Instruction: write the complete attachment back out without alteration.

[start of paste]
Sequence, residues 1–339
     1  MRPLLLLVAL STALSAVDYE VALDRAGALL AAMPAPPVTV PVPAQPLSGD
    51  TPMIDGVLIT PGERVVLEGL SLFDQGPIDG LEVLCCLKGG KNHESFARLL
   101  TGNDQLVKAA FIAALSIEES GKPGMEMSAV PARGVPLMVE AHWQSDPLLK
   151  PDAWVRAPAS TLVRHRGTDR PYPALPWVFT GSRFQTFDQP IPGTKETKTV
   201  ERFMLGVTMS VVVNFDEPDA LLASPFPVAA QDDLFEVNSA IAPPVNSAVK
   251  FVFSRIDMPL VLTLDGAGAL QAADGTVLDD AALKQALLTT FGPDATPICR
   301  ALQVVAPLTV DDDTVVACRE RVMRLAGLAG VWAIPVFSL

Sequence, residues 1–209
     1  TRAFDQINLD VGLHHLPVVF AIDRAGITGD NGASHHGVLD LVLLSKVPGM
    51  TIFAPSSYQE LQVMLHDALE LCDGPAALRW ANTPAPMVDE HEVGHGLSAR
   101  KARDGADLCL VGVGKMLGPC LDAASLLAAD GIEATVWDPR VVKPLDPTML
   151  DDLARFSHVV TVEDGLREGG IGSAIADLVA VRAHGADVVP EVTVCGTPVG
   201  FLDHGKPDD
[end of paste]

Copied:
Sequence, residues 1–339
     1  MRPLLLLVAL STALSAVDYE VALDRAGALL AAMPAPPVTV PVPAQPLSGD
    51  TPMIDGVLIT PGERVVLEGL SLFDQGPIDG LEVLCCLKGG KNHESFARLL
   101  TGNDQLVKAA FIAALSIEES GKPGMEMSAV PARGVPLMVE AHWQSDPLLK
   151  PDAWVRAPAS TLVRHRGTDR PYPALPWVFT GSRFQTFDQP IPGTKETKTV
   201  ERFMLGVTMS VVVNFDEPDA LLASPFPVAA QDDLFEVNSA IAPPVNSAVK
   251  FVFSRIDMPL VLTLDGAGAL QAADGTVLDD AALKQALLTT FGPDATPICR
   301  ALQVVAPLTV DDDTVVACRE RVMRLAGLAG VWAIPVFSL

Sequence, residues 1–209
     1  TRAFDQINLD VGLHHLPVVF AIDRAGITGD NGASHHGVLD LVLLSKVPGM
    51  TIFAPSSYQE LQVMLHDALE LCDGPAALRW ANTPAPMVDE HEVGHGLSAR
   101  KARDGADLCL VGVGKMLGPC LDAASLLAAD GIEATVWDPR VVKPLDPTML
   151  DDLARFSHVV TVEDGLREGG IGSAIADLVA VRAHGADVVP EVTVCGTPVG
   201  FLDHGKPDD